Is 2017 make or break year for virtual reality?

Gadgets, HTC, Video games, Virtual Reality

Games blogger Joshua Mason reckons that virtual reality needs a breakout game to be truly successful

Virtual Reality has always been the holy grail of gaming. Audiences have been teased with it for decades. Whether it’s in the news or films and TV, gamers had hoped that the technology would be here for everyone by now.

Well, 2016 saw a significant shift towards VR, but it hasn’t been the giant success everyone had hoped. With many issues still facing the technology, 2017 will likely be a make or break year for VR.

There is still much optimism for VR and two main units have the backing of tech giants. The HTC Vive is a collaboration with Valve and phone company HTC. Rival headset Oculus Rift is owned and controlled by Facebook. Both are utilised for VR gaming through a PC and while they haven’t flopped, sales are not where they are expected to be.

Valve CEO Gabe Newell has admitted as such and has even claimed he is OK if the technology fails. Valve is the major software partner for the HTC Vive and currently has 1300 apps on the game distribution system Steam.

“If you don’t try things that don’t fail you probably aren’t trying to do anything very interesting,” says Newell. “So we hope that we’ll find stuff that gamers will say is awesome and is a huge leap forward.”

Technical limitations

Newell’s rival in VR Mark Zuckerberg has made claims it will take between 50 and 100 million sales of headsets before you can safely say VR is a new form of computing. This seems incredibly unlikely in the current climate and especially when you consider that the price of one of these headsets is between $700 and $800. Not exactly mass market price.

There are also other issues to contend with. The technology itself is by no means ‘there yet’. The technical limitations means the visuals and resolutions are currently lagging way behind that of standard computer games.

The bulkiness and style of the headsets, which is necessary because of the amount of computing power required for the headset to work, may also be holding back sales.

In terms of major gaming names it’s a mixed bag too. Playstation is the first big console makers to get on the VR bandwagon with the PS VR. It comes at a much lower price, but due to this has less power and less developed games than the more mature Vive and Rift platforms.

The Nintendo Switch is being billed as a handheld system, a gaming tablet and dockable console all in one

Nintendo has a new console out, the Nintendo Switch, and has ignored any compatibility all together with VR, choosing instead to invent its own new tech with the HD Rumble. This will create new sensations for the user and the controllers. Nintendo say, as an example, that you will be able to tell how many ice cubes are in an imaginary glass represented by a controller.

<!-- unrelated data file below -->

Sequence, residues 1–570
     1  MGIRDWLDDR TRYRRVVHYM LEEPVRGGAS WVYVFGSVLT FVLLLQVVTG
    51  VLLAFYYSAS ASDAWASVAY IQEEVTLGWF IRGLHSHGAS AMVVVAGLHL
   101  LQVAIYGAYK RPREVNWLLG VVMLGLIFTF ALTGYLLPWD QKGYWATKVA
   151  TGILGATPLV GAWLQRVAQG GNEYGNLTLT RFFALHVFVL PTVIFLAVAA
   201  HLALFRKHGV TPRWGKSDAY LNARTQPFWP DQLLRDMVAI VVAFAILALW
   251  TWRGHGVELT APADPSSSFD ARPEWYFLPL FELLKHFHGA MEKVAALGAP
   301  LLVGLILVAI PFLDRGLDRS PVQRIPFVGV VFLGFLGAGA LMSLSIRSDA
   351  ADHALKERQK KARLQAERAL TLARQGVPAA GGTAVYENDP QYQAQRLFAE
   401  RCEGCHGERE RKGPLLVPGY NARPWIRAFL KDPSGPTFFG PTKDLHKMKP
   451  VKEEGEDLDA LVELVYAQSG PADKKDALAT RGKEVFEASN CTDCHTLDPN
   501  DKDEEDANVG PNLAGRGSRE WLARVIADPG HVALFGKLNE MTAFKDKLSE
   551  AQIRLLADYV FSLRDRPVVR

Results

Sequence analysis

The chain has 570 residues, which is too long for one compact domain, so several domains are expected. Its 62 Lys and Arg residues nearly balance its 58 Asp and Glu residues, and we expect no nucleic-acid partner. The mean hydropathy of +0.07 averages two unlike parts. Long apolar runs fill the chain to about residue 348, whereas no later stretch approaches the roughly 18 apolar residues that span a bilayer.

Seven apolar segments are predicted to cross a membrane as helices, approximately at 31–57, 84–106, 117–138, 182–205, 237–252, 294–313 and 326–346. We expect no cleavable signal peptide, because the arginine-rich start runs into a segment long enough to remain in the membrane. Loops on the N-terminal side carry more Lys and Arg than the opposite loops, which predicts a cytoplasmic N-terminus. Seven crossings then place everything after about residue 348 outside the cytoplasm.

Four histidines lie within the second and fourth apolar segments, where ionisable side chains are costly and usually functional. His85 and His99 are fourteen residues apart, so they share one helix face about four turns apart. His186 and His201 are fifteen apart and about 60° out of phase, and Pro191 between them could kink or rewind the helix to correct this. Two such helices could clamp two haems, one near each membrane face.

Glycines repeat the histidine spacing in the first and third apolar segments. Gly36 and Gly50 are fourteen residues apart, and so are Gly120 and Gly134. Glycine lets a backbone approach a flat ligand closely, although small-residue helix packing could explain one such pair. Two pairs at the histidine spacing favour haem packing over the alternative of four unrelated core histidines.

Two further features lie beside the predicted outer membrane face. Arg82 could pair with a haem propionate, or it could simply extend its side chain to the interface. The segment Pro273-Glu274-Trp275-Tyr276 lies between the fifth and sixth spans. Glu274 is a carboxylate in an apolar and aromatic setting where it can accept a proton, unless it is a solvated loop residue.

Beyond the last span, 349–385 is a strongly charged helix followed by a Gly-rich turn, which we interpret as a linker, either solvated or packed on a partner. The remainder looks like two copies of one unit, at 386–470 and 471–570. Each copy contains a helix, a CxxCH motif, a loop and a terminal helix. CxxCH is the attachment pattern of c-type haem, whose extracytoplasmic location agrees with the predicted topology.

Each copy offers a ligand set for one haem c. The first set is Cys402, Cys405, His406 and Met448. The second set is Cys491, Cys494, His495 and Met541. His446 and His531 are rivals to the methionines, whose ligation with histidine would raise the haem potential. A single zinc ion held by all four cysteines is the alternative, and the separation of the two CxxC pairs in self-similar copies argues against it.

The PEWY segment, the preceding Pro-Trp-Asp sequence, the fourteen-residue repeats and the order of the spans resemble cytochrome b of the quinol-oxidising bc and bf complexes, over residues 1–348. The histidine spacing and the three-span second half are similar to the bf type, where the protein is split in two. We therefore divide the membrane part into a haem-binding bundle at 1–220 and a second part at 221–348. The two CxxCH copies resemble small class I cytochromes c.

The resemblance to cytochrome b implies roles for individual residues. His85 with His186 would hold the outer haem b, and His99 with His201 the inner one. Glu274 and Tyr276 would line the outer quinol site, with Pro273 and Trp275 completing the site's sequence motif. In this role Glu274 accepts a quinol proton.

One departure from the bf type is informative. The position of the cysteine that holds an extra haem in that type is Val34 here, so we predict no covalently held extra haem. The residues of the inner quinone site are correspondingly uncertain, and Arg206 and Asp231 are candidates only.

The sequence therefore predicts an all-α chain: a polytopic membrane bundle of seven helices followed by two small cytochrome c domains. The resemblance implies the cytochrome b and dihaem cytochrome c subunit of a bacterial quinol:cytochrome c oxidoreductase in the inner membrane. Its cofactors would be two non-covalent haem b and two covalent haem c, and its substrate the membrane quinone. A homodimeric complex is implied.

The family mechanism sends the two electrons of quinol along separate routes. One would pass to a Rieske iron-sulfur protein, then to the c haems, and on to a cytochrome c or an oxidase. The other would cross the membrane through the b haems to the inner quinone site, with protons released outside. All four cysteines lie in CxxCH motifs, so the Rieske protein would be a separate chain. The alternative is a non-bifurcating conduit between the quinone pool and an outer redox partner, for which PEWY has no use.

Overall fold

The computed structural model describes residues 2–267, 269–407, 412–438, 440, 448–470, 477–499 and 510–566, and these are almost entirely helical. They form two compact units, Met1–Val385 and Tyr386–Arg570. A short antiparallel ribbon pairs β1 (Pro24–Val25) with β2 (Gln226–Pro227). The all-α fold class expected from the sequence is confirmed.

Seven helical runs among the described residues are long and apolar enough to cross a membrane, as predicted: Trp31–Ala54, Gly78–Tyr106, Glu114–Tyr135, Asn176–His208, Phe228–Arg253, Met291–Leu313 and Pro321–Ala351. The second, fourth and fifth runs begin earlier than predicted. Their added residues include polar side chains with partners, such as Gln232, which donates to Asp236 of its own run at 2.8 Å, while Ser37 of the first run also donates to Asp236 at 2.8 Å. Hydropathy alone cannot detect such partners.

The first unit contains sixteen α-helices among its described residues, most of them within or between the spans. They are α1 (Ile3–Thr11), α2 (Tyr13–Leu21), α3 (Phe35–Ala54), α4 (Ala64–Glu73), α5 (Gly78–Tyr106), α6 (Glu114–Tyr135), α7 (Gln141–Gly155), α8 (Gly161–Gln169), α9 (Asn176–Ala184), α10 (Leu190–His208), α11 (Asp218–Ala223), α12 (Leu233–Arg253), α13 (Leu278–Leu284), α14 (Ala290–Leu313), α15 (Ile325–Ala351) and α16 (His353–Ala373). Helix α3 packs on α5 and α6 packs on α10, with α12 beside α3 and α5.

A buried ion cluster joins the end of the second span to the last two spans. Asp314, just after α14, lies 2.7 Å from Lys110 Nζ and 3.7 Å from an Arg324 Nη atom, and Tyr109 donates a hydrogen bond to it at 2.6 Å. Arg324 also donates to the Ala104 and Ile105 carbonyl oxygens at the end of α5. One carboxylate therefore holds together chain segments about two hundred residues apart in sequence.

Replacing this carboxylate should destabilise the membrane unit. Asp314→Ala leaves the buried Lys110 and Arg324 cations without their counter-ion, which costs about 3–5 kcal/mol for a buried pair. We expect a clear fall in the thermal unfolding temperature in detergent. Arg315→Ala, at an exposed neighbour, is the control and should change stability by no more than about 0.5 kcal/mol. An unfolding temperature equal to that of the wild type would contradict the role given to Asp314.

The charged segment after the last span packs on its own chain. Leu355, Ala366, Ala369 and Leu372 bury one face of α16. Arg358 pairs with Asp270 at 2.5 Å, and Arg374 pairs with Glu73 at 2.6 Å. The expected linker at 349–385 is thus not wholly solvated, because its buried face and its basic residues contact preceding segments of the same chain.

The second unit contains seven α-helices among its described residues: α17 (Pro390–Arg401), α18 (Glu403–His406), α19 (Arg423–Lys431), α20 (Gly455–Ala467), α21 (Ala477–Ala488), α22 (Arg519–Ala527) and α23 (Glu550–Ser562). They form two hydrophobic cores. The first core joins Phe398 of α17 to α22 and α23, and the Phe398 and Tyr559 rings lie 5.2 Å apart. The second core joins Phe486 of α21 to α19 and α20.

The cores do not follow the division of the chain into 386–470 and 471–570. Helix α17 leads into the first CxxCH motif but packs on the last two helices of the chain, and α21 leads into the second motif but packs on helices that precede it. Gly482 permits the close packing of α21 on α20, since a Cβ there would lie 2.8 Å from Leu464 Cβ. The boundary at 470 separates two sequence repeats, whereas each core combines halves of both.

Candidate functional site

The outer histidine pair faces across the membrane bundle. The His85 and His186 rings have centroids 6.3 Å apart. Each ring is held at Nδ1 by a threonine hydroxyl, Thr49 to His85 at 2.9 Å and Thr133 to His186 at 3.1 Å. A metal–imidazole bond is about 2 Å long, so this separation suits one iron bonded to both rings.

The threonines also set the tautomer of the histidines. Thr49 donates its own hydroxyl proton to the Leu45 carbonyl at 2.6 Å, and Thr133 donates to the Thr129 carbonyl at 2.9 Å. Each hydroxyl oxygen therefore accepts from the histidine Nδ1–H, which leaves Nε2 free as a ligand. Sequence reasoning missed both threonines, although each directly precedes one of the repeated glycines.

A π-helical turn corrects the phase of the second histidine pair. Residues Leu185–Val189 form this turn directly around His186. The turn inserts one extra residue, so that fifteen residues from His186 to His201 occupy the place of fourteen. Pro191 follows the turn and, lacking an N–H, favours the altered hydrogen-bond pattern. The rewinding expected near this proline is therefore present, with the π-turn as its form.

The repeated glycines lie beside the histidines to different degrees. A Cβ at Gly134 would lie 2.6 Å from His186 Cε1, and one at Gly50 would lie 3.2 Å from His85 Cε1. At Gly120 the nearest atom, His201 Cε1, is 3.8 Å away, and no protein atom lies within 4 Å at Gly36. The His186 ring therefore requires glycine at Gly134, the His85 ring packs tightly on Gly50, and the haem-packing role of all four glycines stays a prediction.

Out of Ammo

The lack of quality content and games is also a problem for any new gaming tech and there have been issues with the financial profitability of developing games for VR. Famed developer Dean Hall , who was the man behind DayZ, made a game called Out of Ammo for the HTC Vive and despite it finding success he still took a hit on the game.

Says Hall: “From our standpoint, Out of Ammo exceeded our sales predictions and achieved our internal objectives. However, it has been very unprofitable. It is extremely unlikely that it will ever be profitable. We are comfortable with this, and approached it as such. We expected to lose money and we had the funding internally to handle this.” Yet Out of Ammo has sold unusually well compared to many other VR games.

Like most new gaming technology, VR will live and die by the content that is made for it. There is an argument that due to the high price, lack of visual resolution and game developers it might have been too early to release a VR system. But what is done is done and fans have been promised a gaming revolution.

To truly be successful  I  think VR will need a breakout game. Something that will not only match up against current games of the day but can also only be experienced by those with VR headsets.

Of course price will still be an issue but this will always fall over time. Another aspect of measuring VR success will be with Playstation. The gaming giants have put their money where their mouth is and with their muscle they have the necessary fire power to create industry leading games too.

PS VR will be a good barometer of whether VR will work on a global scale. If it fails then no doubt the gaming device will die out quickly. But that shouldn’t stop us dreaming as the possibility of economical and immersive gaming with VR still captures the imagination.

Chris Price
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